Mary M. Green (1808-1888) was the daughter of Capt. John Green Jr. (1766-1831) and his first wife Hester Graig (1765-1818). According to this source, Mary M. never married and made her home in Philadelphia.
Writting to her brother John Sims Green in a letter dated 19 May 1863, this source quotes Mary saying "I have received and expended $300 since just before Christmas for the sick and wonded soldiers in the hospitals. I sent off two boxes weighing 5000 pounds to Fortress Monroe on Friday. We have sent besides five boxes to Missouri. So, you see I have not been idle. I have visited several hospitals here and it is awful. Poor fellows. You meet them all about the streets this fine weather, those who are well enough to go out.--Betty and Hetty are well and delightfully fixed at Christ Hospital and are very happy. They are living in a perfect palace."
Craig Walter Green, TWO NAVAL CAPTAINS of the Revolution---Being a sketch of Capt. John Green, Sr. and Capt. James Craig Jr., typed manuscript dated Christmas 1909, p. 33
...General Harding, the wealthy rebel, visited the city, a day or two ago, and met Mr. Sam Carter, a friend of his, an honest Union man, and the following dialogue took place:
"I tell you what it is, Mr. Carter," said General Harding, "between the Federal and rebel soldiers I am about ruined. My horses, cattle, sheep, buffaloes, deer and poultry, are all gone, and I expect I shall lose all my money."
"Well," says Carter, "why don't you embrace the cause and come out, and let the bogus Confederacy go?"
"Oh, that's nonsense," replied Harding, "if I should do that, I'd lose all my friends."
"Lose your friends! Why, damn it," said Carter, "if you lose your money you'll lose your friends at any rate."
Which was very true and rather hard on Harding.
Frank McNairy, of blood-hound notoriety, once remarked that he hoped to find himself in hell if the Southern Confederacy failed to establish its independence. Frank was killed in the last fight at Donelson, and in all probability he has not only found himself in hell, but has found a great many of his old friends there.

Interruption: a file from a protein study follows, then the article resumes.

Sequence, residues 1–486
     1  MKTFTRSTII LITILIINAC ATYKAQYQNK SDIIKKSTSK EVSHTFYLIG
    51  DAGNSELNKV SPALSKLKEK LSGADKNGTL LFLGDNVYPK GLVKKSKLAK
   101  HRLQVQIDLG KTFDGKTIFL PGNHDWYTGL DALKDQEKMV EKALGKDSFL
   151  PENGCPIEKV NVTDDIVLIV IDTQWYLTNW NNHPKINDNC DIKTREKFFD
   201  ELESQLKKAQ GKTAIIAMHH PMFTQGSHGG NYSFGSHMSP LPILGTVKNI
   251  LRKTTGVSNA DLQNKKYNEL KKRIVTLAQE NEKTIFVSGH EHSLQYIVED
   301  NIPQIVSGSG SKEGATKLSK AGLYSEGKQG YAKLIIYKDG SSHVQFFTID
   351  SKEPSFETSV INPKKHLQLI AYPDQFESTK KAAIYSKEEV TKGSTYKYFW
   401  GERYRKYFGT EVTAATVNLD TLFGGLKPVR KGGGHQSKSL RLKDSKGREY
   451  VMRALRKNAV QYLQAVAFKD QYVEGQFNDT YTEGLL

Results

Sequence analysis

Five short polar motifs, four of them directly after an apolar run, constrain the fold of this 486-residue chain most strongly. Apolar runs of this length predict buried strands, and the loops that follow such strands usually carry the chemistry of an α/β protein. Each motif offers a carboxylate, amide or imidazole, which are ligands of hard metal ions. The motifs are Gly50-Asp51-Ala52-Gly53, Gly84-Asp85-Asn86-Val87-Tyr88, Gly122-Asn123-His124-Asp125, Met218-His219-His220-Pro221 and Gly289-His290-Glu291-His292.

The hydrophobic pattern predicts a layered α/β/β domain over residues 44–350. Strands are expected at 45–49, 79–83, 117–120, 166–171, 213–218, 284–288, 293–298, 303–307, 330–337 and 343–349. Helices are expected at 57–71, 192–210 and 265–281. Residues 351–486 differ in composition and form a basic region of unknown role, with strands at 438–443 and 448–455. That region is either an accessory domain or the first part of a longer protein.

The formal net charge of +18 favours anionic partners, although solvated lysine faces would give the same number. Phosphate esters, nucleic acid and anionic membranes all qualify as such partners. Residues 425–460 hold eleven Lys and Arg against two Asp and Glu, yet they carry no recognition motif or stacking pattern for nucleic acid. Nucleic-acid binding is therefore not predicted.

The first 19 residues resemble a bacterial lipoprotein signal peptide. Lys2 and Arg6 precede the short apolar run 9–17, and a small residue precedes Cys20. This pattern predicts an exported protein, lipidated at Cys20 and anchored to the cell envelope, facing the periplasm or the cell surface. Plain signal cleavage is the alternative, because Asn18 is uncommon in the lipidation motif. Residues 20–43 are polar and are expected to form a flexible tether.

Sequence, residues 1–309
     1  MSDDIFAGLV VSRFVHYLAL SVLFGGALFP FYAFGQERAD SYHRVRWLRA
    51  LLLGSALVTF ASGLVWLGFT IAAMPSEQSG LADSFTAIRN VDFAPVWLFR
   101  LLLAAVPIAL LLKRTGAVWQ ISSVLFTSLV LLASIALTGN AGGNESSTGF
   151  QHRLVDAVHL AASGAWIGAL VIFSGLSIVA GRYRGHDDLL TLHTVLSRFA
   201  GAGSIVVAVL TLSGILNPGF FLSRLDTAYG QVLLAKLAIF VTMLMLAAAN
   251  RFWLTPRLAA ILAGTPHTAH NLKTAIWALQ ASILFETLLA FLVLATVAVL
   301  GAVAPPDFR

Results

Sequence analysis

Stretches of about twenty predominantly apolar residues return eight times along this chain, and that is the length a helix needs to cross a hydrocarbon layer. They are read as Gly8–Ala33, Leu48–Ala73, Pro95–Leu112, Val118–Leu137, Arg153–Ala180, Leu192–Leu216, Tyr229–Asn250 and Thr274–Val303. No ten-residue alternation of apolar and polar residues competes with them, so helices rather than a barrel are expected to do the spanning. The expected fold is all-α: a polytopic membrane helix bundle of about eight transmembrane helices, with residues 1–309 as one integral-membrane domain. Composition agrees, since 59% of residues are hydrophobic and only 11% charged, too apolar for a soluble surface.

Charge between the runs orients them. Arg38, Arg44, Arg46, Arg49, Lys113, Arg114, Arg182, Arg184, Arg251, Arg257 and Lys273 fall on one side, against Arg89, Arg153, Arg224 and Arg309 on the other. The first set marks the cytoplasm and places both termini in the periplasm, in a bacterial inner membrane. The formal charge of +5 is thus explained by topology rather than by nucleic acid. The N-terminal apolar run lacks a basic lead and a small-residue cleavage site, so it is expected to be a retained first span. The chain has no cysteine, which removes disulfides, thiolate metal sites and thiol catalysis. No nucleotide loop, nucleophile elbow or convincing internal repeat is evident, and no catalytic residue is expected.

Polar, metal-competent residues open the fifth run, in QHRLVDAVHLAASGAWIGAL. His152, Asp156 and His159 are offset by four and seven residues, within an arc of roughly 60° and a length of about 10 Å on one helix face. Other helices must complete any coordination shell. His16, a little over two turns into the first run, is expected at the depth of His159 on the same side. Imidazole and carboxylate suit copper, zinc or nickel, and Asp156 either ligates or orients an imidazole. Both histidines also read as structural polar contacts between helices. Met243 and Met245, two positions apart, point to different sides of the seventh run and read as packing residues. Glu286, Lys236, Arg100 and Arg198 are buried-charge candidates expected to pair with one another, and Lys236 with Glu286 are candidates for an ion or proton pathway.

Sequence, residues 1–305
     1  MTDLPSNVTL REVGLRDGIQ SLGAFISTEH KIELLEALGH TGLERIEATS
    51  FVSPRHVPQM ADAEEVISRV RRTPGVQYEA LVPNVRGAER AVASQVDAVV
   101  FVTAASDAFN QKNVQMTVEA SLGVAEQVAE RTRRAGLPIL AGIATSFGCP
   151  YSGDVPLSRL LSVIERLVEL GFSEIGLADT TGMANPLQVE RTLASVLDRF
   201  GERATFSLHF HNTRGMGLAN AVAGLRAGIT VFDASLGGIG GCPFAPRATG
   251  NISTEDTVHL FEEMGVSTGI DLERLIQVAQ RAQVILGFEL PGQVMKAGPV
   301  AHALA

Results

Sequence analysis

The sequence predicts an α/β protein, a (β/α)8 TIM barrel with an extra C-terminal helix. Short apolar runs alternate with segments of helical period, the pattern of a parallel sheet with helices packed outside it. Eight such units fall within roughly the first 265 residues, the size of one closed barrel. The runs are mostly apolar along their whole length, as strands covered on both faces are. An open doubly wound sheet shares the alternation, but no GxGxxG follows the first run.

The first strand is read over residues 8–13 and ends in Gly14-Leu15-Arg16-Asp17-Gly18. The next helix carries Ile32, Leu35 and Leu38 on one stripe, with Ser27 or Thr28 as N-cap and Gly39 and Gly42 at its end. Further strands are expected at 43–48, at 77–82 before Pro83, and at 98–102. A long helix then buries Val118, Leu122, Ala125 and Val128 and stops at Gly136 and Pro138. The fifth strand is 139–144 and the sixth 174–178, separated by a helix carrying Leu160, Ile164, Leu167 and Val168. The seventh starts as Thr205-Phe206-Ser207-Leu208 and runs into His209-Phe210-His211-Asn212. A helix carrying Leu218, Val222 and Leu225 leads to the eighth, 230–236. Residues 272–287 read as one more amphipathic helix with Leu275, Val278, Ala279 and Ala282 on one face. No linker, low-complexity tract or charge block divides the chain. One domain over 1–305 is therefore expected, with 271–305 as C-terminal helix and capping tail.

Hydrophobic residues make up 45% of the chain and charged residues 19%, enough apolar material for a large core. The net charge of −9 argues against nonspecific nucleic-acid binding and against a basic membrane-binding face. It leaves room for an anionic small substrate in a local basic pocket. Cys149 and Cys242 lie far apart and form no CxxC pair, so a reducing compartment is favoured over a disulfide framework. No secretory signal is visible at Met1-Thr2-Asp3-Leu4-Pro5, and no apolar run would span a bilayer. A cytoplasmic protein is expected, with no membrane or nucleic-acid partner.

Which is wicked. B.C.T.
Reference: Plain Dealer (Ohio), 20 Apr 1863, p. 1 as indexed at GenealogyBank.com
THE FORT DONELSON FIGHT. — The following is the official report of the late attack on Fort Donelson. It was a brillian affair on our side:
MURFREESBORO, Tenn, Feb. 6.
To Gen. Halleck, General-in-Chief:—Rebel Generals Wheeler, Forrest, Wharton, and Woodward attacked Fort Donelson yesterday at 2 P.M., with 4,000 men and eight pieces of artillery. We had 800 men in the fort, under Col. A.C. Harding. They charged the fortifications several times, but were repulsed by our artillery and infantry with great loss.
The enemy, as usual, before and after the fight, demanded a surrender and offered to spare life if accepted, &c. Col. Harding replied that he was ready for all the consequences.
The enemy's loss in killed was over 100, in prisoners 300. The forces under Col. Lowe, from Fort Henry, are pursuing them, and others are sent to intercept their retreat. Our loss was 2 killed and 30 wounded. W.S. ROSECRANS, Maj.Gen.
It is reported that Colonel Frank McNairy, of "bloodhound" notoriety, was killed in the attack on Fort Donelson.
Reference: Hartford Daily Courant (Connecticut), 09 Feb 1863, p. 2, as indexed at GenealogyBank.com
"We are pained to learn that a rumor is current that Col. Frank McNairy and Capt. James. Kirkman, both of Nashville were among the killed in the recent action at Fort Donelson. Both gentlemen were natives of Tennessee and citizens of Nashville."
Reference: Chattanooga Daily Rebel (Tennessee), 20 Feb 1863, p. 2 as indexed at GenealogyBank.com
We were pleased to meet yesterday our old friend, Maj. Frank McNairy, of General Cheatham's staff. He is rapidly recovering from the wounds he recevied at Perryville and is anxious to return again to active service in the field.
Reference: Chattanooga Daily Rebel, 02 Jan 1863, p. 2, as indexed at GenealogyBank.com
This article is about the suspension of General Leonidas Polk. It contains an exerpt of a letter written by Maj. Frank McNairy.
"In conclusion, the following extract is given from a letter from Maj. Frank McNairy, General Cheatham's aid-de-camp: "I left General Cheatham's headquarters before daylight the morning of the battle and went to General Polk's headquarters. When I got there, which was about daylight, I found General Polk and staff on their horses about-moving to the field, which they did at once. They got there before me, as I stopped to water my horse, which hand not had water for twenty-four hours. When I arrived on the field, he was there. The sun was not more than up when I got to the field.""
Reference: A paper by Dr. Y.R. LeMonnier, of New Orleans, La., a private of the Orleans Light Horse, General Polk's body guard, read before a meeting of the Army of Tennessee, Louisiana Division in The Confederate Veteran Magazine, Vol. XXIV, No. 1, January 1916, pps 17-19. Digital copy by Google Books from the Harvard College Library